Original Japanese written by Kay Ikezumi, Secretary General.
The English below written and arranged by Heeday, based on the original Japanese
The English edited by Rev. Dr. Henry French, ELCA
Japan’s Nuclear Regulation Authority (NRA), on November 16th, gave a go-ahead to the extended operation of Unit 3 of The Kansai Electric Power’s Mihama Nuclear Power Station (hereafter “KEPCO” and “Mihama NPS,” respectively). Located in Mihama, Fukui Prefecture, Japan (some 47 miles north-northeast of Kyoto), the old NPP has been at work over the last four decades. This is the third aged reactor whose “prolongation” has been approved, following Units 1 and 2 of KEPCO’s Takahama Nuclear Power Plant (NPP).
Following the disaster of TEPCO’s Fukushima Daiichi NPP, the NPP safety laws were revised in 2011 to eliminate outdated NPPs. Under the revised safety laws, Japan has a “40-year of operation” regulation. There is, however, an exemption to this. The NRA can authorize an old NPP’s “prolongation” of operation, just once, for up to 20 additional years, as a “highly exceptional case,” since applying the “40-year rule” strictly would eliminate many reactors, which might result in a power shortage.
The approval of Mihama Unit 3’s prolongation is making “highly exceptional cases” commonplace. At present, what practical meaning does the “40-year rule” have? Many are seriously worried that we might see more and more aged reactors’ lives prolonged.
The Mihama NPS marks its 40th year of operation this November, and should have been decommissioned, if the NRA had not approved its prolongation.
The Authority claims it has confirmed that a major accident would not destroy Unit 3’s reactor vessel. When the Fukushima Daiichi disaster hit, however, most media reported that the “myth of NPP safety has broken down.” So, where has this lesson gone?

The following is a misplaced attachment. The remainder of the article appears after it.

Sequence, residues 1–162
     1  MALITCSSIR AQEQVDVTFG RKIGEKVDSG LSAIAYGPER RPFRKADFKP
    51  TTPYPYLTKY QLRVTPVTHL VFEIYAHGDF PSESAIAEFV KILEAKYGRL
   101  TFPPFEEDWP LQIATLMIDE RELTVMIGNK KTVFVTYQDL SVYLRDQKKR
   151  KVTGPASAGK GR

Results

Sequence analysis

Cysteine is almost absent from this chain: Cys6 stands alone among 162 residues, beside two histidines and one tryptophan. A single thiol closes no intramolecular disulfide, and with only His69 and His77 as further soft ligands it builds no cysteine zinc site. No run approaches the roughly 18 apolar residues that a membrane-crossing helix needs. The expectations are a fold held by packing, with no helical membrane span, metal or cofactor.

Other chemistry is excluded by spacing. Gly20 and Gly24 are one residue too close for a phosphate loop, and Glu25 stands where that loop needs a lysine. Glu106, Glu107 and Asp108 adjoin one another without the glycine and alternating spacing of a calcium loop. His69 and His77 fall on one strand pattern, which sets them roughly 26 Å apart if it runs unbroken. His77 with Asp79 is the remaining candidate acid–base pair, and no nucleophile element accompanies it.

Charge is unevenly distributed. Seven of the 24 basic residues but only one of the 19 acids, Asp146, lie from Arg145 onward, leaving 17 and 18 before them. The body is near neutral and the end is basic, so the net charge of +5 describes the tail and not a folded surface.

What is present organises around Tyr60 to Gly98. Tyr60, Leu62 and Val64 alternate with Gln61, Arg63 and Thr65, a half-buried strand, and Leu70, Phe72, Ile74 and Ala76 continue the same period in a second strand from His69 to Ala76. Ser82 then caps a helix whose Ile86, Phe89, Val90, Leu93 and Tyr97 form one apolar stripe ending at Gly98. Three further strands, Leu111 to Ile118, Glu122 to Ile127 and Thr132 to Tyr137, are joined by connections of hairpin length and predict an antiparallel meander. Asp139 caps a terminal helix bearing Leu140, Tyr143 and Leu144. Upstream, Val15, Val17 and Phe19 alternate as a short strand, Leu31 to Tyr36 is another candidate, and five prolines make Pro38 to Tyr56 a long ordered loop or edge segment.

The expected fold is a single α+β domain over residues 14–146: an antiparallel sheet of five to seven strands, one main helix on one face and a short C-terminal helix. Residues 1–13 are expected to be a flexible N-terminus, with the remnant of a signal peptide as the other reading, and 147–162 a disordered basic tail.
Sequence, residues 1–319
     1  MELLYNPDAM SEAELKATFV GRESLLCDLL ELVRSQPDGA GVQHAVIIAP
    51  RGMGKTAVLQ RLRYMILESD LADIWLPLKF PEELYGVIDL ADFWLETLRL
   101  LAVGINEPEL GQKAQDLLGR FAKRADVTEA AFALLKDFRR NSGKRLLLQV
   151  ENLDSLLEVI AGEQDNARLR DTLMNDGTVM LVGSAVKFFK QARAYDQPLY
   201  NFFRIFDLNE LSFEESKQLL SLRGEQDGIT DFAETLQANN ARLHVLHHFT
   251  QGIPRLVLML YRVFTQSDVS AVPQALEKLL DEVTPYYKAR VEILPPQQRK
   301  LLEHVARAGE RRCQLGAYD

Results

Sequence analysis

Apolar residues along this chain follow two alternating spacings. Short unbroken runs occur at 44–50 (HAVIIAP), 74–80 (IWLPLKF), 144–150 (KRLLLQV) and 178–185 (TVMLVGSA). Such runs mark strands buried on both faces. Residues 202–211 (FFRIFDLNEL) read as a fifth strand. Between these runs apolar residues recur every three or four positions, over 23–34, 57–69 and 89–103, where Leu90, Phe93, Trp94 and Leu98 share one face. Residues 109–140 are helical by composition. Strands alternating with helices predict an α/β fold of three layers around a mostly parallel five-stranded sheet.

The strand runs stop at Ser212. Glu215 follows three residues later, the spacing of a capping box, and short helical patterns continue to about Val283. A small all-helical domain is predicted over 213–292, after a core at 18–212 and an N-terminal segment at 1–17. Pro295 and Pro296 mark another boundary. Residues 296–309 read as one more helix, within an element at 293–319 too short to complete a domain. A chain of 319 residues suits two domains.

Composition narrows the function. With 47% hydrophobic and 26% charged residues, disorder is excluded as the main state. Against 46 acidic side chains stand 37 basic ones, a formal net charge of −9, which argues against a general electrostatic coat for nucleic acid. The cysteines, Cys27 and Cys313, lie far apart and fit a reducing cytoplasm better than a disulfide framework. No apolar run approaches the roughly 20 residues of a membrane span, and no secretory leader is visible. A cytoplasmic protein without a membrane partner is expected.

KEPCO says it will spend some JPY165 billion on reinforcing the unit, to make it resistant to earthquakes and tsunamis. The reinforcement work should be finished in 2020, after which the reactor is to be restarted. Despite this gigantic investment, at a regular press meeting last October, KEPCO’s President, Shigeki Iwane, emphatically stated: “We believe the restart work should pay off economically.”
Recently, India and Japan signed a civil nuclear agreement. One result of the deal is that many of Japan’s reactor providers—now that it is next to impossible to build a new NPP in Japan—can now count on India’s market as a major NPP export target.
The restart approval and the nuclear agreement stand on the same principle—money matters more than life. Life is disregarded for money.
In the aftermath of the Fukushima Daiichi disaster, currently almost 100,000 Fukushima citizens are still living as evacuees, to avoid exposure to radioactivity and other hazards, in places far away from their hometowns. They have already been living as refugees for 5.5 years now, and this has cost many of them their health. Many aged evacuees are living in isolation, which adversely affects their health, both mentally and physically, while some have chosen to commit suicide.
The Fukushima Daiichi disaster has deprived those citizens of their ordinary living, exposed them to radiation, and left behind gigantic heaps of radioactive waste. Also, the decommissioning of the NPP has a long, winding way to go. None of these grave issues have so far been resolved. Still, there is a mega trend in Japan to approve NPP life prolongation, permit NPP restarts, and export NPPs.
We need to stand up against this trend. Otherwise, it will run wild.
Below: Article from the November 17th, 2016 edition of the Asahi Shimbun newspaper